IMO will not be bound by Ictu decision on Croke Park agreement

Conference adopts emergency motion calling on doctors to reject proposed new deal

Dr Paul McKeown, president of the IMO pictured proposing a motion rejecting Croke Park II at the agm in the Hotel Europe, Killarney, yesterday. Photograph: Don MacMonagle

Dr Paul McKeown, president of the IMO pictured proposing a motion rejecting Croke Park II at the agm in the Hotel Europe, Killarney, yesterday. Photograph: Don MacMonagle

Fri, Apr 5, 2013, 06:00


The Irish Medical Organisation has said it will not be bound by any decision of the public service committee of the Irish Congress of Trade Unions when it meets later this month to decide on whether to ratify the new Croke Park agreement.

Delegates at the IMO’s annual conference yesterday adopted an emergency motion which called on doctors to reject the proposed new deal in a ballot which is currently under way.

The emergency motion also stated that the IMO would “consider all its options” in the event of the public services committee deciding to approve the new Croke Park agreement.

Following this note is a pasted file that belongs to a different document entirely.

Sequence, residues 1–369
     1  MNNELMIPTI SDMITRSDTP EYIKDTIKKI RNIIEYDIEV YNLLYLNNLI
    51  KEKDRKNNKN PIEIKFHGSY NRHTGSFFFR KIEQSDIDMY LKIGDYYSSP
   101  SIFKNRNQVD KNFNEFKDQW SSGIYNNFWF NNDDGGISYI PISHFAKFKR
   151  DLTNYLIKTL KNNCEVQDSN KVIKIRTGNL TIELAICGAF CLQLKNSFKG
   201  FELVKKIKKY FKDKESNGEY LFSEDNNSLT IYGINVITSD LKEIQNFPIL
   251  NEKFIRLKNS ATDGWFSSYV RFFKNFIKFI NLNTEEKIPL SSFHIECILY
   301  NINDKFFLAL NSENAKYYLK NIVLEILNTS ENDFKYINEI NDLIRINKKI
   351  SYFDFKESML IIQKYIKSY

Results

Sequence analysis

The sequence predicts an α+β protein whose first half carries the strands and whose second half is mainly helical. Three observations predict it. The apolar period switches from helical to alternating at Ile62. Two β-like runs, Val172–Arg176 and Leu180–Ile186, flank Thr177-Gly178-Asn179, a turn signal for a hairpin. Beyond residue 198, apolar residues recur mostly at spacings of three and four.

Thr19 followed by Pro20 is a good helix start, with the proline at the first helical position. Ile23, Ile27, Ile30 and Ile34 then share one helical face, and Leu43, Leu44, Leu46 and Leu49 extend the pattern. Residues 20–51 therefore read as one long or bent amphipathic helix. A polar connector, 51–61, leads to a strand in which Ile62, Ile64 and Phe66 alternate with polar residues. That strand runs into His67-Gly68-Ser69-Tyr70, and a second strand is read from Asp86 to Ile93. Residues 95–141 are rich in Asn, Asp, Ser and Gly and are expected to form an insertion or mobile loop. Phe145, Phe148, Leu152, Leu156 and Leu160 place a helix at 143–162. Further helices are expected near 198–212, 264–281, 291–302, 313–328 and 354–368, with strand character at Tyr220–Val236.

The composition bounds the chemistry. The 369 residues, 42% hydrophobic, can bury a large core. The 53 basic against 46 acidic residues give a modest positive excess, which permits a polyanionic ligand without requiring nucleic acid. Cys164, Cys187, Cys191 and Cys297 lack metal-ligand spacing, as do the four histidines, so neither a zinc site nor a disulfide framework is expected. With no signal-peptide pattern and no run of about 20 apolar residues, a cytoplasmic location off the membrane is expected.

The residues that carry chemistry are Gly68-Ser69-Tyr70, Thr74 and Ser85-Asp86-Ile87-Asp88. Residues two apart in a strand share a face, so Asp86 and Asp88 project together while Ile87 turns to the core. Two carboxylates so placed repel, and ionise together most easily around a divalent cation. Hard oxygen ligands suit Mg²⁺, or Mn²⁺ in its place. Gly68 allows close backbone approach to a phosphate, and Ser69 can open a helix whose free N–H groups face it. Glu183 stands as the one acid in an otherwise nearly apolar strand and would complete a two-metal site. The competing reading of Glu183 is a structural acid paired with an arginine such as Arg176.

The IMO was one of a group of trade unions that walked out of the talks on the agreement in February.

Asked whether doctors could take industrial action over the Croke Park proposals, IMO president Dr Paul McKeown said the issue of Croke Park would be debated at a special session of the conference tomorrow.

In his address to the conference yesterday, Dr McKeown said there had been unprecedented interference by Ministers in the democratic processes of trade unions while they were considering the proposals.

Bullying tactics
He said there had been “threats and bullying tactics in an attempt to coerce union members into accepting the unacceptable”.

Dr McKeown also said that GPs were being forced to ration care for patients because they “simply could not afford to continue to provide all the services which their patients need”.

He said the IMO was fighting to try to resist the imposition of any further cuts.

He claimed that these would have a disproportionate impact on the old, the vulnerable and those in nursing homes, as well as people in disadvantaged areas.

He said that pay threats for both consultant and non-consultant doctors presented a real threat to the country’s ability to retain and to attract new doctors.

Dr McKeown also said non-consultant doctors played a key role in the delivery of the country’s health services.

However, he said it was a role that was unappreciated and under-valued by policy-makers and HSE managers.

“Without a doubt patient care is being jeopardised in a system which routinely expects doctors to work excessive hours without adequate breaks or rest.”